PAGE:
A Lot or a Little?
What you will—and won't—find in this TV show.
All people (and most animals) are accepted for who they are. It's a lesson in emotional intelligence, which is the strength of this show.
Be yourself. Love who you are, no matter who you are. Friends are beautiful together. Respect people's differences. Talking about things can help. Put trust in people who deserve it. Learning to focus on your breathing can help you focus, help you stay calm. Let go of the negative stuff. Just because you can't do it right now doesn't mean you won't ever be able to do it. Find the way that works the best for you. Learn what works for you. The trick to not being ashamed is not to hide it. You don't need to be ashamed of your body. We all have weird stuff going on with our bodies. Respect friends who have different needs than you.
Positive Role Models
Though Arlo and his friends live on their own, they seem pretty young. The adults in Arlo's life can be helpful, or superficial, but Arlo himself is very positive and upbeat. His best friend, Bertie, is patient with Arlo's enthusiasm, even when she wants to be alone.
This show is all about diverse representations -- whether it's racial diversity, gender fluidity, body size and shape, age, or class background. There is a Black female mayor, a character who struggles with ADHD, and a main character who has a large body. Everyone embraces their differences, enjoying the different perspectives that they bring to everyday life.
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Violence & Scariness
Some peril (characters fall from great heights), violent scenes (a seagull bashes a cat's head on the concrete), ghosts as a theme, some threat from characters who are chasing after Arlo.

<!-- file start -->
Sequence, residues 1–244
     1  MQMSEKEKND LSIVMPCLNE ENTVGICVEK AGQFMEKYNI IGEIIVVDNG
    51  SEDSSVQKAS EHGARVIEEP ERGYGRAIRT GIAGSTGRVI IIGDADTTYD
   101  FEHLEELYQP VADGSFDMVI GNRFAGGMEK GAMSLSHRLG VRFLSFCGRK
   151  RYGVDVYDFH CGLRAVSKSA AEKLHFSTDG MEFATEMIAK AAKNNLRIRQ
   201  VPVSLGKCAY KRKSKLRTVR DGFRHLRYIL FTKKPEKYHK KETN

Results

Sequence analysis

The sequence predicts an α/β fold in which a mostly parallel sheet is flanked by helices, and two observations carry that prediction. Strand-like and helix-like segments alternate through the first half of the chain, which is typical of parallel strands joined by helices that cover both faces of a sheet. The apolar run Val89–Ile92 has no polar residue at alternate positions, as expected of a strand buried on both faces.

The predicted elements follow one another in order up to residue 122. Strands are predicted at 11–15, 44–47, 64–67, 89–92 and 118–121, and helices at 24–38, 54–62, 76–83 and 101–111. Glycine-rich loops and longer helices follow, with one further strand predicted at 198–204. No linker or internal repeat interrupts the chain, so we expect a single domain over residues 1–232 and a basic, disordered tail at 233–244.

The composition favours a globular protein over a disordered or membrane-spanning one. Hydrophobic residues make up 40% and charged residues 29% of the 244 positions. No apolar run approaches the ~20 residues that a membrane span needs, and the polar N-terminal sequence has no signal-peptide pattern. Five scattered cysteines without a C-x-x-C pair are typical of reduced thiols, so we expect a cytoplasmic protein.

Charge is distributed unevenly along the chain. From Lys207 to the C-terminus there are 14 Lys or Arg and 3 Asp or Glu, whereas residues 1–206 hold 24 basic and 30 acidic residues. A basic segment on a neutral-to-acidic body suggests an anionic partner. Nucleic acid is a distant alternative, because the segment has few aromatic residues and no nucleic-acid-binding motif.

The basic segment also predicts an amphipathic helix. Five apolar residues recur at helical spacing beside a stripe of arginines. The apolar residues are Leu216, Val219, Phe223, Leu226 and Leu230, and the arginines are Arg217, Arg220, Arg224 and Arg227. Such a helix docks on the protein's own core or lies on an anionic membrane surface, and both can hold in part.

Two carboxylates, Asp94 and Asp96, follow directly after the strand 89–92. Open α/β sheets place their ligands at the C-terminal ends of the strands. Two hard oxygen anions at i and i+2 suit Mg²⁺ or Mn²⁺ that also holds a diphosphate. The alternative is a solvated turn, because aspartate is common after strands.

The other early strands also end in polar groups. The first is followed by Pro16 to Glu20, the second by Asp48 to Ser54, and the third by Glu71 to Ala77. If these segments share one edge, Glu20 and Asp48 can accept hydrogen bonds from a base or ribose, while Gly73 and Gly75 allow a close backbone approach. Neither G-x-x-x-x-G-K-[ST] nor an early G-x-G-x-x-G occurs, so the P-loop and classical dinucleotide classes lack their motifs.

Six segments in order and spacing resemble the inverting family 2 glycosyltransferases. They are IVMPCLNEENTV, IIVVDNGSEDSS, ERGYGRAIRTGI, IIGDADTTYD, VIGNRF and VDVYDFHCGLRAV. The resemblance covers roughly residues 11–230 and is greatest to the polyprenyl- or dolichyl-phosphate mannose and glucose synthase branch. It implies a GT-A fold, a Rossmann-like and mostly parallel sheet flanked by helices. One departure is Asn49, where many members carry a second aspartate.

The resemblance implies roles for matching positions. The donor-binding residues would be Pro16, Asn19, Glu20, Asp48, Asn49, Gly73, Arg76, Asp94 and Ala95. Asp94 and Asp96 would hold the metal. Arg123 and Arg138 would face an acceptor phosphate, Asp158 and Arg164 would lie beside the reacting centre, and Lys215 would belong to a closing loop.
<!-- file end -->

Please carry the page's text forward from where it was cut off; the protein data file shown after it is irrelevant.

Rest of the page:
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Sex, Romance & Nudity
Male butts shown (in swimsuits).
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Drinking, Drugs & Smoking
Characters drink "an aperitif" at sundown, characters party for three days straight and complain about headaches (implied hangover) afterward, a character gets high off of catnip (implied marijuana use). Kids might not understand the references, but teens and adults will.
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Parents Need to Know
Parents need to know that I Heart Arlo is a musically driven spin-off of the Netflix movie called Arlo the Alligator Boy. Characters are eccentric, like to party, garden, grill, eat pizza, dance, do hair, and fix up their New York City neighborhood by the sea. There are all sorts of characters who form a colorful community: some are human, some are part animal, some are cross-dressing, some are challenged with ADHD or feelings of depression. There is some drinking and catnip indulging (the effect of which is to make the character act like she's high on marijuana). Though the lessons of togetherness and inclusion are universal messages, the party vibe of this show could be too mature for younger viewers.
Is It Any Good?
Charming, irreverent, colorful, and fun, this cartoon has a soft heart. I Heart Arlo is full of music, antics, pizza, and catnip. Its characters are individuals with a capital "I," which can seem self-conscious at times, but the music and the good vibes are pretty contagious. Some over-the-top gay caricatures can feel like they are playing stereotypes, and it's hard to tell if it's an in joke or not.
This show might trip some triggers for people whose lives are not being lived in urban areas where eccentricity is the name of the game. But tweens will be drawn into the situational, comedic relationships and the caring spirit of Arlo and his friends. Adults might enjoy the right-on vibe too, and the music does pick you up when you're feeling down.
Did we miss something on diversity?
Research shows a connection between kids' healthy self-esteem and positive portrayals in media. That's why we've added a new "Diverse Representations" section to our reviews that will be rolling out on an ongoing basis. You can help us help kids by suggesting a diversity update.
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